Our biggest argument over our wedding happened early on. We still don’t agree.
My wonderful fiancé always dreamed of a big wedding with all of his family members and friends in attendance. I had always dreamed of running off to Paris and eloping. Two very different wedding dreams.
My mother had given me permission years ago to elope. It is cheaper. I do not come from a family where elaborate, large weddings are the norm. One cousin had a Halloween reception and the ceremony was at the courthouse the day before. It was basically just a large Halloween party, costumes and all, for mostly friends. Another cousinmarried in a lighthouse and less than 10 people were invited. This is what I’m used to.
So when Dear Fiance Dane told me we should be looking for venues that would hold 150 to 200, I gasped. I just couldn’t wrap my mind around having that many people or asking my parents to pay for that many people.
When we chose our venue, it worked out in my favor. I’m not going to lie about it. The historic hotel was beautiful, full of character, budget-savvy and would hold 100 people tops. By going with this choice, we cut down our guest list in one fell swoop. For his sake, I did ask what fire code was, just in case we could squish in a few more if needed.
Now, one of the best things about my fiancé is his large family. And, they’re all close. My mom is the youngest of seven, but my side ofthe family just isn’t close. We began the guest list process by listing all of his grandparents, aunts, uncles and cousins he HAD to have on the list. It was very daunting compared to my little list.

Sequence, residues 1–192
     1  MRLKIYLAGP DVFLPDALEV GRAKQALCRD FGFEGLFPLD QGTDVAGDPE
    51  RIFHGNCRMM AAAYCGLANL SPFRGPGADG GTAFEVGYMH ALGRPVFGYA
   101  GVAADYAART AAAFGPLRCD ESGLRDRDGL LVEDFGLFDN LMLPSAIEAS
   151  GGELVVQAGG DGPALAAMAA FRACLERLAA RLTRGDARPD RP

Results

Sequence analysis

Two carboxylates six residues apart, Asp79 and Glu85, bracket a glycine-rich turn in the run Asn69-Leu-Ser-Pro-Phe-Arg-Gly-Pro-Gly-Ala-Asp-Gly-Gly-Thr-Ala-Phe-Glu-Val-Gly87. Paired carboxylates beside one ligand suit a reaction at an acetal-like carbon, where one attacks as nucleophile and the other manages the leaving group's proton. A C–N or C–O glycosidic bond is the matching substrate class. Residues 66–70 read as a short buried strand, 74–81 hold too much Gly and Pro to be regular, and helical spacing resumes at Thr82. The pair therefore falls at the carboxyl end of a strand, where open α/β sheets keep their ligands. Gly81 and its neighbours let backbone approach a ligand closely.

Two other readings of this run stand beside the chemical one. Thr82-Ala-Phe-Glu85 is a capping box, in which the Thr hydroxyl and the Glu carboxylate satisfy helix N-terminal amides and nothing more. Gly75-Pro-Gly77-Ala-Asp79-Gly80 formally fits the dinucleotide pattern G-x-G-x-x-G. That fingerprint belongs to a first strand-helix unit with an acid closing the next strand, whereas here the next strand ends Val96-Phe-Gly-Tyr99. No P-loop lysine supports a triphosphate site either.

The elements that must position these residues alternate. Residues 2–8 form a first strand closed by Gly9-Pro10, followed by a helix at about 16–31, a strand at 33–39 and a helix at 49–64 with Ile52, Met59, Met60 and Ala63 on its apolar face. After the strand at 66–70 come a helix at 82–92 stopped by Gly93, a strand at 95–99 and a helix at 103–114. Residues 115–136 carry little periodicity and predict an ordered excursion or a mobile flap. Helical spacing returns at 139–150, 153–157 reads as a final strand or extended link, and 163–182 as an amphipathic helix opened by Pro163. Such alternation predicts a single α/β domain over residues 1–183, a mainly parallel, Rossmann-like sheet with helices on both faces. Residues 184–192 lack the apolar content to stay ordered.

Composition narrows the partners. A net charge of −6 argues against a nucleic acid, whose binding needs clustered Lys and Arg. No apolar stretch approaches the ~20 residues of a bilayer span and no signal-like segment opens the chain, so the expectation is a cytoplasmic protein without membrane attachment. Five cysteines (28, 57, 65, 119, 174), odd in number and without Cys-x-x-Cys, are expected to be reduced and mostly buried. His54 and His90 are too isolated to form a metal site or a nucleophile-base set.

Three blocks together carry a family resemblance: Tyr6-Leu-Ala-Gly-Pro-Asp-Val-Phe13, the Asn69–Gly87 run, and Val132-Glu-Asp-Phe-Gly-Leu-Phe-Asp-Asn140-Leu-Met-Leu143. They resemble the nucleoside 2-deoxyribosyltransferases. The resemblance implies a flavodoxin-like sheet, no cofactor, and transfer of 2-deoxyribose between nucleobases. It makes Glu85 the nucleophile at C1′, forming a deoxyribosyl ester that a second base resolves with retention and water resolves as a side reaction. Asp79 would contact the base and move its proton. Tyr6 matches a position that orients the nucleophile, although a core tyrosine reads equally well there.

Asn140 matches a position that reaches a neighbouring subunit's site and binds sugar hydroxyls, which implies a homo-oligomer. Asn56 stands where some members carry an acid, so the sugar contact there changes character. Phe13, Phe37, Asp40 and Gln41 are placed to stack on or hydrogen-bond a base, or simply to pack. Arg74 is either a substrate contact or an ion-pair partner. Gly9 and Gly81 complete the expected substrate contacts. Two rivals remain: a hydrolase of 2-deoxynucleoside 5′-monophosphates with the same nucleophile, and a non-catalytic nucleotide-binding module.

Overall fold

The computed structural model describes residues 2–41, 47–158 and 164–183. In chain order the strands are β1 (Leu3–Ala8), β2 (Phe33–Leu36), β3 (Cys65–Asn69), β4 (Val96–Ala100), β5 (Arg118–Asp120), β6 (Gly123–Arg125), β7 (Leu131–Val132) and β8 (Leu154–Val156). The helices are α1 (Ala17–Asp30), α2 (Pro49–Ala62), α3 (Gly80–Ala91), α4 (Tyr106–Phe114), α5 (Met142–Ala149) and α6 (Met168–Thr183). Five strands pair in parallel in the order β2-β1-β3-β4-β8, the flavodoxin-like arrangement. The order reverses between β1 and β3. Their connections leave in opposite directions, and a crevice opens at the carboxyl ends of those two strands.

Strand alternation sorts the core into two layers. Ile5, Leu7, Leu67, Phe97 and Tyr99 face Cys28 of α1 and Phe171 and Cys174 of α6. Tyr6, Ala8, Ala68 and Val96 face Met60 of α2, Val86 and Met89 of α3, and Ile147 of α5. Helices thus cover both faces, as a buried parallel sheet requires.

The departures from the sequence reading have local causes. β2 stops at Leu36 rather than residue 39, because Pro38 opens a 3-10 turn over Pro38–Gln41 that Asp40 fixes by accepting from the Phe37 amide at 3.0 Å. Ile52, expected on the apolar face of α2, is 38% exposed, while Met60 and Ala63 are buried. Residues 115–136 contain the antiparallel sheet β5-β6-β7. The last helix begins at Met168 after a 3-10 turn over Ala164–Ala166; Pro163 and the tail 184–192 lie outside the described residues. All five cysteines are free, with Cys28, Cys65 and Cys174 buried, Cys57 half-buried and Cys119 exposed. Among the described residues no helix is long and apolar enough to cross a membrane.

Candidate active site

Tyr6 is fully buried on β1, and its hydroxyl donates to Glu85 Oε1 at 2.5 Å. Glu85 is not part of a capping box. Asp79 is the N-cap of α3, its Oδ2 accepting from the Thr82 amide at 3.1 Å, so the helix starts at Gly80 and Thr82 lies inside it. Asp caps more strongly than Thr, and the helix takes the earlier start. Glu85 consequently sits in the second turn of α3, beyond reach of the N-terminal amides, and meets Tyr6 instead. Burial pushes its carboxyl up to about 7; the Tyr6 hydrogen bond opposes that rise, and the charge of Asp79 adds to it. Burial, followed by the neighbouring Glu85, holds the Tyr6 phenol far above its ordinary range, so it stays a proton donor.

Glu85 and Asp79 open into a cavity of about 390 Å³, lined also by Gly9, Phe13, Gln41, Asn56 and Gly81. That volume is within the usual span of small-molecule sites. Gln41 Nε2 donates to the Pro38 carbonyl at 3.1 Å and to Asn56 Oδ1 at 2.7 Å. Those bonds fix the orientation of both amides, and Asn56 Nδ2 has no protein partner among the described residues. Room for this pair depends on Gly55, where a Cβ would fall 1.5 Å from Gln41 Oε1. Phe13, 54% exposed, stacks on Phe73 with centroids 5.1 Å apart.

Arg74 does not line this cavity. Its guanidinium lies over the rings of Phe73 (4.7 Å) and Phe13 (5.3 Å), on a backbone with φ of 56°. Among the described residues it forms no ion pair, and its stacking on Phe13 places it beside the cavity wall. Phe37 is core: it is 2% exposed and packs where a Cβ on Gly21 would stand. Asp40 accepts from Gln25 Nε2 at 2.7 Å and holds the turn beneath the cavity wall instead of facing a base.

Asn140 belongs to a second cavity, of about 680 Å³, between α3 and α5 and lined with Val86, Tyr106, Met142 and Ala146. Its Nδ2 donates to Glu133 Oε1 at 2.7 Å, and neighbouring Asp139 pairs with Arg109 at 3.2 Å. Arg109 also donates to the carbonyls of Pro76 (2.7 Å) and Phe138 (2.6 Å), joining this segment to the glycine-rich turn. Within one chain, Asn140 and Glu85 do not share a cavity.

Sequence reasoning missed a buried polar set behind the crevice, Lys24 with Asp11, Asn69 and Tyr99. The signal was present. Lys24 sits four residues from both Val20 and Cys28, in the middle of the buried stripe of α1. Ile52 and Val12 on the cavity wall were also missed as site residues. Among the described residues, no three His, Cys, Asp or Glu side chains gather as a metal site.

My mother had a great idea. We’re having an evening wedding and little kids will get tired likely soon after our ceremony. She and I decided we could get more second cousins and friends on our guest list if we had a kids party at a different location and hired sitters. That way, moms and dads could party late into the evening with us and we could invite more adult family members and friends. Doing this, we managed to each get about five friends on the list (outside of our small bridal party).
Now, I can’t recommend the idea of a kid’s party to everyone. Luckily, we’rebehind it 100 percent and most of our family members are too. However, some people are sad their kids will have to miss out on the party. It just worked well for us in this situation and we’re sticking to our guns.
After a couple of months of looking at venues and deciding on the kids party, we got our guest list down to 114. Everyone says that 20 percent is expected not to show. And we’re counting on some of our older relatives not traveling because it will be winter. I’m anticipating that we’ll be about 80 people, which should be very comfortable in our space.
Most of all, I’m happy that I will know every person who walks through the hotel door on Dec. 15. I won’t have to try to remember that one time meeting that long-lost cousin when I was three, or kind of knowing my mom’s friend from college. Everyone in our families has been great about keeping our guest list shorter and not squawking about inviting this person and not the other.
In marriage counseling, we took a survey and both admitted we do not agree on the kind of wedding we want to have. I’m sure our pastor raised his eyebrows at that one. We explained our differences in our dreams and he wasn’t too worried about what we’ve come up with. He reminded us that as long as we had a ceremony where we declared our love and devotion to one another before God and our families we’d be golden. We have made compromises. And at the end of the day, we’ll still be married and we’ll be partying down with those who are closest to us.